AMSTERDAM - This year the profits of CO2 capture will exceed the costs for the first time. This conclusion emerges from a survey by this newspaper among businesses in the chemistry, cement, waste and steel sectors.
O2 has gradually grown into a fully-fledged part of the circular economy, say traders on the Amsterdam Recycling Exchange where the supply and demand for CO2 come together. These traders believe that the decision at the Amsterdam Climate Top in 2022 to heavily tax CO2 emissions has contributed to this development. Since then, heavy industry has made considerable investments in techniques for CO2 capture. This was done in collaboration with knowledge institutions in chemistry and materials science and with the financial support of investment companies. Since then, CO2 has increasingly found uses a sustainable alternative for construction materials such as concrete, the production of biofuels and as an alternative in basic chemistry for highly persistent plastics.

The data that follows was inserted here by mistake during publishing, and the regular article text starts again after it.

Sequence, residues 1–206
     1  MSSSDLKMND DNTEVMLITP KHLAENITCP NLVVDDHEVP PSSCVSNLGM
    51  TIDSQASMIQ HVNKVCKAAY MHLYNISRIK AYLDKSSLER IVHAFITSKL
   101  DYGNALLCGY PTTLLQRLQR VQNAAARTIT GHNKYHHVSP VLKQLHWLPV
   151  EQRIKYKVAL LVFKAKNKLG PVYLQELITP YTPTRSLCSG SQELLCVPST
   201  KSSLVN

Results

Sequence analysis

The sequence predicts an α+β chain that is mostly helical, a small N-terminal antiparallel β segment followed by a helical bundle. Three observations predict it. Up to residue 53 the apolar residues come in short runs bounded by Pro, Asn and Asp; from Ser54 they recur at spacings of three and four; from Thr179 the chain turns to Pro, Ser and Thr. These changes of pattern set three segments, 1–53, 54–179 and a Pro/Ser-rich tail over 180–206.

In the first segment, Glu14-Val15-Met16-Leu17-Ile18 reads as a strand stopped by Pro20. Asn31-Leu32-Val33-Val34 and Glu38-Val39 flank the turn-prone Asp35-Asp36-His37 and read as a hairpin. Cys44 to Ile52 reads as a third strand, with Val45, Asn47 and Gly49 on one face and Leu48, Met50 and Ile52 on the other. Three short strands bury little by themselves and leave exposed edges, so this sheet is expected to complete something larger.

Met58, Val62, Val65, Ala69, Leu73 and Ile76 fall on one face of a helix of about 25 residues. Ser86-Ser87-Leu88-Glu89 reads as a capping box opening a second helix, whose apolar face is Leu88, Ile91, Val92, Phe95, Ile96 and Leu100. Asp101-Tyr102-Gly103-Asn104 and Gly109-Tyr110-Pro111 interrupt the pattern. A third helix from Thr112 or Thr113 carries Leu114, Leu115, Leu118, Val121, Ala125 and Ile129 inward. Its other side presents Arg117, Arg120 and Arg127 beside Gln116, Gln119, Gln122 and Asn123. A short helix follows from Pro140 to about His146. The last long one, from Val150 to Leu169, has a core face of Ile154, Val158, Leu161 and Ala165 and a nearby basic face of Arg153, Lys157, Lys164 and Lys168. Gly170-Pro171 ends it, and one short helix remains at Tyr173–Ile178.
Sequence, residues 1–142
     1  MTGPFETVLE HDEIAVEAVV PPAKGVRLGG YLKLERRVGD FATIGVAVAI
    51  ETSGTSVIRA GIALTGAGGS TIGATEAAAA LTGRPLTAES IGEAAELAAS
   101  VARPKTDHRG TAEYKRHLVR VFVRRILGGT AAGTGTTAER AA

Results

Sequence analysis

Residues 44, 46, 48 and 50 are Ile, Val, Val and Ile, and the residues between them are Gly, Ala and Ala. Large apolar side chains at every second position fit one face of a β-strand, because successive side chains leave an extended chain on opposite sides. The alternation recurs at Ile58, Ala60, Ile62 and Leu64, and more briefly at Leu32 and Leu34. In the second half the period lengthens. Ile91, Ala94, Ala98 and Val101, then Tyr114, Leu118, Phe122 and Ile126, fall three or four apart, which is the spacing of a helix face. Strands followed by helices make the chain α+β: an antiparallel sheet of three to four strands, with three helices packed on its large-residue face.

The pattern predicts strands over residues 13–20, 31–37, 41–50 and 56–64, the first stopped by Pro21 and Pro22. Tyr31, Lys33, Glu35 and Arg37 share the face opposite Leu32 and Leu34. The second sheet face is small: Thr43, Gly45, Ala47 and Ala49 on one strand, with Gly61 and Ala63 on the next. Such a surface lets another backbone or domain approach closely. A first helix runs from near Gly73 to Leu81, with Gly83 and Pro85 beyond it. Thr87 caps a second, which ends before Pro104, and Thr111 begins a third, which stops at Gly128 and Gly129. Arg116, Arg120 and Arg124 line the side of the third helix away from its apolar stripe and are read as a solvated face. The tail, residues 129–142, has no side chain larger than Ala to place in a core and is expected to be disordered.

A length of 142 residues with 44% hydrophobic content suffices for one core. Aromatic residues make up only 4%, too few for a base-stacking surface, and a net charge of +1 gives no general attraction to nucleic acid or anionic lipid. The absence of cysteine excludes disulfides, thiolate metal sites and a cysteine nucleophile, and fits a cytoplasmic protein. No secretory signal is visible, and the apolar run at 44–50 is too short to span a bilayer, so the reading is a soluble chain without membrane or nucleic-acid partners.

An even bigger challenge was direct air capture, the capture of CO2 in the open air. Large-scale systems that pump through air were developed for this. The high energy costs of the systems were counterbalanced by feeding the installations with the peak energy from the electricity grid when surplus energy is generated from solar and wind power. Eventually, CO2 capture towers were developed with favourable air flows with the wind blowing the air through.
In 2028, studies by materials science research groups made multifunctional and light-sensitive materials commercially available. These materials capture CO2 during the night. During the day these materials convert the CO2 into a hydrocarbon under the influence of daylight and with the help of a chemical reaction. The hydrocarbon serves as the basis for liquid fuels such as ethanol and methanol.